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250.00

Kono Bambara Mask
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African art > African mask, tribal art, primitive art > Masque Bamana

Ex-african art french collection.
Used in the context of the cult of Kono , an ancient initiation society that has spread to Mali and western Burkina Faso, this African mask of Mali embodies the duality of the individual, through a representation endowed with zoomorphic attributes. The function of this object is to try to effectively direct the strength of the fawns "waraw", to attract their protection to promote female fertility and the fertility of the land, to guard against witches and to exercise justice. Characterized by two high parallel ears, with a crenellated edge, hollowed out round eyes and a long open-top jaw, this mask is smeared with coloured pigments and drippings following ritual libations. It is equipped with a pouch fitted with a padlock, in which magic materials ...


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Bambara female statue Jonyeleni
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African art > African statues : tribal fetish, maternity > Statue Bambara

Ex-collection of French African art.
This African figure seems to fit into the category of sculptures featuring a 'little favorite', Dyonyeni, Nyeleni in Bambara, a young girl at the height of her beauty. The head with a crest is traditionally framed by braids. The presentation of an offering cup symbolizes a ritual. The base of the room is damaged.
Beautlyted surface. Dark, oily, locally thinned patina. It is possible to order a suitable base in black wood 18/18 cm.
The Bambara of central and southern Mali belong to the large Mande group, like the Soninke and Malinke. They believe in the existence of a creative god generically called Ngala who possesses 266 sacred attributes: one for each day of the 9 lunar months that lasts the gestation of a child. Ngala maintains ...

Mask Ci wara of Bamana
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African art > African mask, tribal art, primitive art > Ti wara mask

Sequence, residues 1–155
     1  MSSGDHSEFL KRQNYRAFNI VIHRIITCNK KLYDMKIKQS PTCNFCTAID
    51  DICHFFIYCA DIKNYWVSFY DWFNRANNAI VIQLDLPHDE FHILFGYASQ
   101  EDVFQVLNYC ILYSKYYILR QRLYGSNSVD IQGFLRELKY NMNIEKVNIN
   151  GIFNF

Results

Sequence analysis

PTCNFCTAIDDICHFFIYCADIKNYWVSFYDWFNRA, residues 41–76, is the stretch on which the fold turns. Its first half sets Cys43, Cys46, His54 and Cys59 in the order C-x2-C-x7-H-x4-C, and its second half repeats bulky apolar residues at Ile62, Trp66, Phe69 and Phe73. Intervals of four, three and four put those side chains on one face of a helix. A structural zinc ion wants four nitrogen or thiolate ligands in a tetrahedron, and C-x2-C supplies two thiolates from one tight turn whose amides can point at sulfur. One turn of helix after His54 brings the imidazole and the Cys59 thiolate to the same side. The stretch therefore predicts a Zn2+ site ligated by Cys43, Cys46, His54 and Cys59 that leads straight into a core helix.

Sculpted by the blacksmith numu, also playing the role of diviner and healer, this vertical, stylized crest is represented here with the successive arches representing the mane of a male antelope. It would be an animal - genie called Ciwara who would have taught the Bambara to cultivate the land. The Bambara remember the myth through the stylized representation of a hippotrague antelope, whose name ci wara means "earth tiger". Wear on the top of the skull and held in place by a basketry toque, these crests accompanied the dancers during the rituals of tòn , an association dedicated to agricultural work. The masks ran across the field, leaping up and down to chase away the evil scents of the nyama and to detect any danger, or to flush out the evil geniuses who could ravish the souls of ...


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Masque Bamana Ci Wara Kun
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African art > African mask, tribal art, primitive art > Bambara Mask

It would be about an animal-genius who would have taught agriculture to the Bambara who remember this myth through the very stylized representation of a hippotrague antelope, whose name Ci Wara means "fawn of the earth". This sculpture rises from a circular basket in wickerwork, stretched with a textile. It has a tapered muzzle, high horns, and successive arches representing the broad neck bearing a mane. The characteristics make it possible to attribute it to the stylistic canons of the Segou region. Matt dark brown patina.
Carried on the top of the skull and held in place by a sort of small basket, these crest accompanied the dancers during the rituals of the tòn, an association dedicated to agricultural work. The masks would run across the field, jumping up and down to chase ...


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Ci Wara Bamana Vertical Crest Mask
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African art > African mask, tribal art, primitive art > Sogoni kun Bambara